For anyone who may have missed the recent parenting news of the day, pop superstar Katy Perry recently taped a guest appearance on Sesame Street in which she was filmed running from Elmo in a short little low-cut dress and veil. Her yet-to-officially-air frolic with Elmo and friends quickly made its way to You-Tube, triggering a virtual firestorm of national media attention and the subsequent cancellation of the episode’s airing. The fundamental question being raised? Whether Perry’s revealing attire was inappropriate for children’s television.
After listening to one too many national commentators conclude that we’ve all become too prudish as parents and asking, “what’s the big deal?” I feel compelled to stop everything else I’m doing to help parents raise happy, healthy children and answer this admittedly rhetorical question. The fact of the matter is that while it may be superficially amusing to deem this “Cleavagegate” and laugh at the resulting Saturday Night Live skit of Perry donning a breast-emphasizing Elmo t-shirt, there’s something very, very fundamentally wrong about our culture’s acceptance of a scantily-clad 20-something year old female flaunting her highly sexualized assets on what is arguably America’s last bastion of wholesome children’s television.
While I’ve just outed myself as what some would call a prudish parent, I guarantee you I’m not alone in my beliefs. As parents, I strongly believe we need to avoid being lulled into complacency while our children are being steadily fed a media diet of increasingly sexualized images. While sexual well-being is an unquestionably important part of healthy development, a 2007 national report from the American Psychological Association’s Task Force on the Sexualization of Girls concluded that sexualization of girls and women is both pervasive and has wide-ranging negative effects.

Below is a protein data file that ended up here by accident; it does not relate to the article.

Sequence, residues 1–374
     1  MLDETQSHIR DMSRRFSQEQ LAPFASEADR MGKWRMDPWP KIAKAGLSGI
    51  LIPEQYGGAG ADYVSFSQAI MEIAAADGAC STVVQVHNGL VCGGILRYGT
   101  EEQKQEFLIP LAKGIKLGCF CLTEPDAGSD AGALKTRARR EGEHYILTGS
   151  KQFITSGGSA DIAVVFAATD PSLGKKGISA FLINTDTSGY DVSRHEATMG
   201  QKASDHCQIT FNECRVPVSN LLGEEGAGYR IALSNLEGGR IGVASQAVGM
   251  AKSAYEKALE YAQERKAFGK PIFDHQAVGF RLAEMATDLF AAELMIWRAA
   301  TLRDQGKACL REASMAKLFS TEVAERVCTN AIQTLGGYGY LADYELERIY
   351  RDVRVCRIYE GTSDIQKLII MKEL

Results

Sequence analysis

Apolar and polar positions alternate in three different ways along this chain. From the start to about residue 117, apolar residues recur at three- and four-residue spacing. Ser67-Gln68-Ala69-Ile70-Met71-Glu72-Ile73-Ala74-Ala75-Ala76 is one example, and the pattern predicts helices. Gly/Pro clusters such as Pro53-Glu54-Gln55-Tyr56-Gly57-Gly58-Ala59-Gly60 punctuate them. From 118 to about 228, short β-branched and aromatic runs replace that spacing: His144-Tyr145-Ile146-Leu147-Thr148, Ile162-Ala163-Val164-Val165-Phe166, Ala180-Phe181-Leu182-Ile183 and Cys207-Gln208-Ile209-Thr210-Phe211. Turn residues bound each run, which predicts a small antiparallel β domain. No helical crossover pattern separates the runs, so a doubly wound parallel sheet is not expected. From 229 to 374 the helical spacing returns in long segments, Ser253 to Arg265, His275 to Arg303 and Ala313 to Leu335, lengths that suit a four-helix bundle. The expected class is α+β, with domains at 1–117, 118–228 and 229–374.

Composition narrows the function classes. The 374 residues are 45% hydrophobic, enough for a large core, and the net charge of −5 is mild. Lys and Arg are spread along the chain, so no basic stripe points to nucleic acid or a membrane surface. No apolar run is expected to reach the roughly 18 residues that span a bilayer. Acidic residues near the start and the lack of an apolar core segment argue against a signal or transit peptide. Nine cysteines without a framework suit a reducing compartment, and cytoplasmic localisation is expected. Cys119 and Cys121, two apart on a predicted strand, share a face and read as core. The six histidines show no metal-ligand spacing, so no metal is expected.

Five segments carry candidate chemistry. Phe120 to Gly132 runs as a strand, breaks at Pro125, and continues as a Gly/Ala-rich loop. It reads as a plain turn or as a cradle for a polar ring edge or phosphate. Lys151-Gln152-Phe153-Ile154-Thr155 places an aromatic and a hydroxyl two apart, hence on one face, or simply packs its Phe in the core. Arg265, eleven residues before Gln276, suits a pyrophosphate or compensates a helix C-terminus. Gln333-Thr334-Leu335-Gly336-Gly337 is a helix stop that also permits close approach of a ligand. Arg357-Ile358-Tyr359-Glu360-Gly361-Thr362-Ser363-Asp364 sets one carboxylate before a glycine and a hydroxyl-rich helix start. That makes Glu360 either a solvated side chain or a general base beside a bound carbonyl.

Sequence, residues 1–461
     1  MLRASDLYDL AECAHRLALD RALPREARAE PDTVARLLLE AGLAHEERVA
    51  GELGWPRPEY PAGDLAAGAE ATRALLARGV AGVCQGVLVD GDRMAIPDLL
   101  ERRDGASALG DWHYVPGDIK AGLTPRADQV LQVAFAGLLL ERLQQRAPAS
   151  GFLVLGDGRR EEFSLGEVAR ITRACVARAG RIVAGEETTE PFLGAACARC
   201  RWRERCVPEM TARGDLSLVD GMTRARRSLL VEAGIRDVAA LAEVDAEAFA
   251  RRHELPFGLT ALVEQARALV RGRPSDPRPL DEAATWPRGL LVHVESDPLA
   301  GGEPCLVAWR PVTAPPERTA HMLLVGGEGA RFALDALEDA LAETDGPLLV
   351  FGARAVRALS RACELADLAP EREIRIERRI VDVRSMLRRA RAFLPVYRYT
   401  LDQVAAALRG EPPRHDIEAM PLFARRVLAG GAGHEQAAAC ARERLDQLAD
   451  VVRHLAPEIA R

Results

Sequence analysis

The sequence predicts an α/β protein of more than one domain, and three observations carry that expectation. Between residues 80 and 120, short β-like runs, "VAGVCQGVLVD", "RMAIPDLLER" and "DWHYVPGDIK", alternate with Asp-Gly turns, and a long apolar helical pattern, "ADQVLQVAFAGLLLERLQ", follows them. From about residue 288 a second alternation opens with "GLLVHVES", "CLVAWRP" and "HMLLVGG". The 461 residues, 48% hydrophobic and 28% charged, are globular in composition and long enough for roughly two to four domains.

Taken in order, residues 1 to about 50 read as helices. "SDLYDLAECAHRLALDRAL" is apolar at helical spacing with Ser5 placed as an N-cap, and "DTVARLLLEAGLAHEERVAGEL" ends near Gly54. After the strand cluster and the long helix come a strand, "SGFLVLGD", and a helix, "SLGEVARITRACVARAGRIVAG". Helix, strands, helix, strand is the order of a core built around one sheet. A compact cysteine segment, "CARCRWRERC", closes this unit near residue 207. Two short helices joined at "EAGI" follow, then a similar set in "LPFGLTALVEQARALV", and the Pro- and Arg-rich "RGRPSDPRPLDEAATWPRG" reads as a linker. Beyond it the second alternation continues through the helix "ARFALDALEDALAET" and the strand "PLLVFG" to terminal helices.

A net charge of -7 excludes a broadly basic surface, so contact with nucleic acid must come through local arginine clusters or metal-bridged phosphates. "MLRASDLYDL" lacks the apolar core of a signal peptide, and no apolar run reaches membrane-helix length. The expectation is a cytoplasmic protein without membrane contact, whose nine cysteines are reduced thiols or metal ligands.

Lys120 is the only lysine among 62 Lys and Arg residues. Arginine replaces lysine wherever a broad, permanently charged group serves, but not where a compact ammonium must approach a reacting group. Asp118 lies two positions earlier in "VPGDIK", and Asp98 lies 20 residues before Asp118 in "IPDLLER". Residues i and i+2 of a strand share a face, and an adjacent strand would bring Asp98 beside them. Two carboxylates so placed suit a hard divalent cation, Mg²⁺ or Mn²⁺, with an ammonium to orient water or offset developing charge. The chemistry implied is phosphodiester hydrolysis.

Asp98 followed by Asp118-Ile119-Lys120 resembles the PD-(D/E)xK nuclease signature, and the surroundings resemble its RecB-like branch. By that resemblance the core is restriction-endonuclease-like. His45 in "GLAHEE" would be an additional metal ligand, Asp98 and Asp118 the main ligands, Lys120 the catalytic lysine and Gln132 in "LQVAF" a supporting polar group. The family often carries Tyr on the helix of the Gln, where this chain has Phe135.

So what’s a parent to do? First and foremost, don’t trivialize all of the messages our youngest girls are getting – all of which repeatedly and cumulatively teach them that what really matters is how “hot” they look. You can also take the following steps, adapted from the APA Task Force Report, to teach girls from a very young age to value themselves for who they are, rather than how they look.
- Tune in and talk to your children. Pay attention to what they’re seeing on TV, in magazines and in the world around them. Discuss what they see in such a way that they learn that looks aren’t the most important quality.
- Question choices. Don’t hesitate to discuss clothing choices with your daughters so they understand why too short, too revealing, and/or too tight just isn’t appropriate.
- Speak up. Commit to noticing disturbing images and influences, and then speak up and discuss them with your children. Don’t be afraid to say no to your children, or to any products, campaigns or companies that send the wrong message(s).
- Educate. Many parents simply aren’t comfortable talking about sexuality with their children, but it’s important. I suggest checking out So Sexy So Soon and From Diapers to Dating to get yourself started.
While I wish that this was all there was to be said on the subject, the sexualization of girls will inevitably continue to be a force to be reckoned with. And it seems that Katy Perry and her wardrobe choices are here to stay – now reportedly being given a warm welcome by The Simpsons.
While that may be true, we simply don’t have to sit back and allow our children to watch! As parents, we really do have the power to raise our children with respect and a healthy body image, so long as we start by acknowledging that it really is a “big deal”!
Originally posted on Omaha World Herald’s Live Well Nebraska